Recently I worked with a group of new supervisors as they embarked on their leadership quest.
Say what you will about the vanishing middle manager role, there's plenty of demand for the first-line role, whether called coach, supervisor, team leader, etc. People look to them for support.
Everyone wants to know the keys to supervision – the secrets to being respected and effective. While much of this is technical competence, a significant amount is social skills: the ability to engage people in common cause.
Here then an initial view of what it takes to make a difference.
What & How
Achievement in any role, management or otherwise is important. Really important. Results are 80% of the end measure.
What we do counts, but how we do it counts too.
That last 20% is really important as results achieved through browbeating, intimidation etc only lead to distress and ultimately failed culture.
It won't last.
“How” we get results matters.
Contrary to myth the first line supervisor doesn't have to have all the answers: the team will figure most things out. The leader has to be engaged though to ensure the team asks the right questions.
The difference in team performance between the supervisor who is available and circulating – immersing themselves in the flow – and the absent leadership model is staggering.
The message is simple: if you aspire to lead, lead. People will accept mistakes – they won't accept absenteeism on the job.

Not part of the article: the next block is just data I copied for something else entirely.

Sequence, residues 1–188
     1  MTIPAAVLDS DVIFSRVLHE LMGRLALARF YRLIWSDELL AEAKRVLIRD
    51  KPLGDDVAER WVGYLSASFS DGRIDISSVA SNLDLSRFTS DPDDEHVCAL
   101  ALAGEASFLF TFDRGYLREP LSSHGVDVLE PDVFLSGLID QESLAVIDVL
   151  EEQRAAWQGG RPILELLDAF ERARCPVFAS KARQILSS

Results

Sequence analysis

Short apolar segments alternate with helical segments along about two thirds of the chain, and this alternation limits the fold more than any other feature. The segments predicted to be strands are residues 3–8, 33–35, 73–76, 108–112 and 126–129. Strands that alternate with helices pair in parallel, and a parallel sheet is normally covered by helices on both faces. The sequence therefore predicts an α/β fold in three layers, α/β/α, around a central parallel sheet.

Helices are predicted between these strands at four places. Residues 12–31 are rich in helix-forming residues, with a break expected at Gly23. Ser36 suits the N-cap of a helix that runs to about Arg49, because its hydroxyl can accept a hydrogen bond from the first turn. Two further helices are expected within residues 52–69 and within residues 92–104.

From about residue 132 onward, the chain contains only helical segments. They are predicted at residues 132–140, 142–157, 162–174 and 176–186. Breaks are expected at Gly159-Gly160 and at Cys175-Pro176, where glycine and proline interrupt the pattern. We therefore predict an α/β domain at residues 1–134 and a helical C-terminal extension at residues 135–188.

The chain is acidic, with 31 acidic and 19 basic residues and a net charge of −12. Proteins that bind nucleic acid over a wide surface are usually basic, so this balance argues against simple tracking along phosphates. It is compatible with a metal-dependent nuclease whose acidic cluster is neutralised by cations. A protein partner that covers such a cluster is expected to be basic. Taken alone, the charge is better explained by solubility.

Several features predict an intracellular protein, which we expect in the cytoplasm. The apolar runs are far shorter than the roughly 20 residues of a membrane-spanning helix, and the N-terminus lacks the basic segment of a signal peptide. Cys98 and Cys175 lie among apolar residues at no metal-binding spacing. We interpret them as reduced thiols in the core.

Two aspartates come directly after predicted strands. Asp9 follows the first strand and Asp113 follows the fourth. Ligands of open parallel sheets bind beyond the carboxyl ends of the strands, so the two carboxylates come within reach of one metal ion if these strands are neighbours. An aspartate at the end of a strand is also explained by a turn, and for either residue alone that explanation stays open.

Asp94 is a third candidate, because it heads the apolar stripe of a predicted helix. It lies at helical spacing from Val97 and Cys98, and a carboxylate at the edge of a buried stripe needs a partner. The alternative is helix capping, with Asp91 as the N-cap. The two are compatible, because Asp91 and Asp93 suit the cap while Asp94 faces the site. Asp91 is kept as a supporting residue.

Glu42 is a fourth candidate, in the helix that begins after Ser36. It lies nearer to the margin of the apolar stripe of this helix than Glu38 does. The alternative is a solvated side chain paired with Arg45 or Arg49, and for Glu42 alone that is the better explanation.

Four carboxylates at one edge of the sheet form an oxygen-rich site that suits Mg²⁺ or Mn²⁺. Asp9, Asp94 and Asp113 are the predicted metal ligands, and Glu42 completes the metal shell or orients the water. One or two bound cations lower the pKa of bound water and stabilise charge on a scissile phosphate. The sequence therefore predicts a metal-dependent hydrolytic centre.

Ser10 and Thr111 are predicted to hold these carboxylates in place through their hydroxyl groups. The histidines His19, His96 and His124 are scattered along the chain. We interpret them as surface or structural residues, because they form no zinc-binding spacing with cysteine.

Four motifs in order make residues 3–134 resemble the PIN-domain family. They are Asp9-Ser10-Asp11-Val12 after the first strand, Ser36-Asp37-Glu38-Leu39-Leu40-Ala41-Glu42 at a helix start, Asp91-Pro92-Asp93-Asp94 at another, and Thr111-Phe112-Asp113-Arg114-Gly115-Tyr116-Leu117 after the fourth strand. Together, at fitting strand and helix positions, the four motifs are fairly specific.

Stay plugged in.
Time is on Your Side
New leaders often place inordinate stress on themselves to deliver immediate answers. If you can do so while being mostly right go ahead: speed counts.
Yet, whenever working with people issues, eg., coaching, counseling, conflict, remember this: its better to be one step too slow than one step too fast.
People are complex: addressing their concerns effectively takes time. There's no need to rush to judgment simply to provide “an” answer. Take the time to sort through things before rendering snap judgements.
Being wrong more quickly than the next person is not a success model.
Invest the time you need.
Active listening is the single biggest differentiator in first line leaders. Some Western cultures are biased towards “pushing” information: telling people things and preparing rebuttals et al even as others speak.
How refreshing it is then to encounter someone who really listens.
This skill is overlooked in many management models, yet is can be learned and makes a significant difference in team commitment thus performance. You can choose to become a better listener. Today.
In plain English, improved listening gives you an edge.
All of these add value whatever your role is yet the difference in effectiveness of first line managers is remarkable when these factors are evident.
Caring about how we get results through being available, patient and listening effectively marks a significant difference between the average and select supervisor in getting those results.
And don't kid yourself: no one wants to work for an average leader.
Are you listening?